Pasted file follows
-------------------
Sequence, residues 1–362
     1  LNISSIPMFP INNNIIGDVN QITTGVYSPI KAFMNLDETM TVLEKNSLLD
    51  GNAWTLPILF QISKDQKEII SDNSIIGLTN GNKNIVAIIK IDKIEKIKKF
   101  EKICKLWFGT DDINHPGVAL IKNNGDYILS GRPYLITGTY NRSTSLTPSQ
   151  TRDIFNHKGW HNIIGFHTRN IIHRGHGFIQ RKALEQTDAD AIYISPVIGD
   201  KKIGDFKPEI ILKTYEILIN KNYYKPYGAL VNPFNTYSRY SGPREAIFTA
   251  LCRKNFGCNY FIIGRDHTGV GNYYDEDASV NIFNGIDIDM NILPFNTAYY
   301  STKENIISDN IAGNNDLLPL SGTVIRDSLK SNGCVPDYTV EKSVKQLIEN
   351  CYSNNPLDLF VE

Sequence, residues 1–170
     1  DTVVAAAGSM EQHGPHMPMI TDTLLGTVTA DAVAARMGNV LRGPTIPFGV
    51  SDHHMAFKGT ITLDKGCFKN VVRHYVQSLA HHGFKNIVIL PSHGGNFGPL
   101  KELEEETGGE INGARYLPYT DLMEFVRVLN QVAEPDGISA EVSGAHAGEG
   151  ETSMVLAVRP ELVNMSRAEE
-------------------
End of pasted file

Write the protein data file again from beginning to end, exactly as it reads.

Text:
Sequence, residues 1–362
     1  LNISSIPMFP INNNIIGDVN QITTGVYSPI KAFMNLDETM TVLEKNSLLD
    51  GNAWTLPILF QISKDQKEII SDNSIIGLTN GNKNIVAIIK IDKIEKIKKF
   101  EKICKLWFGT DDINHPGVAL IKNNGDYILS GRPYLITGTY NRSTSLTPSQ
   151  TRDIFNHKGW HNIIGFHTRN IIHRGHGFIQ RKALEQTDAD AIYISPVIGD
   201  KKIGDFKPEI ILKTYEILIN KNYYKPYGAL VNPFNTYSRY SGPREAIFTA
   251  LCRKNFGCNY FIIGRDHTGV GNYYDEDASV NIFNGIDIDM NILPFNTAYY
   301  STKENIISDN IAGNNDLLPL SGTVIRDSLK SNGCVPDYTV EKSVKQLIEN
   351  CYSNNPLDLF VE

Sequence, residues 1–170
     1  DTVVAAAGSM EQHGPHMPMI TDTLLGTVTA DAVAARMGNV LRGPTIPFGV
    51  SDHHMAFKGT ITLDKGCFKN VVRHYVQSLA HHGFKNIVIL PSHGGNFGPL
   101  KELEEETGGE INGARYLPYT DLMEFVRVLN QVAEPDGISA EVSGAHAGEG
   151  ETSMVLAVRP ELVNMSRAEE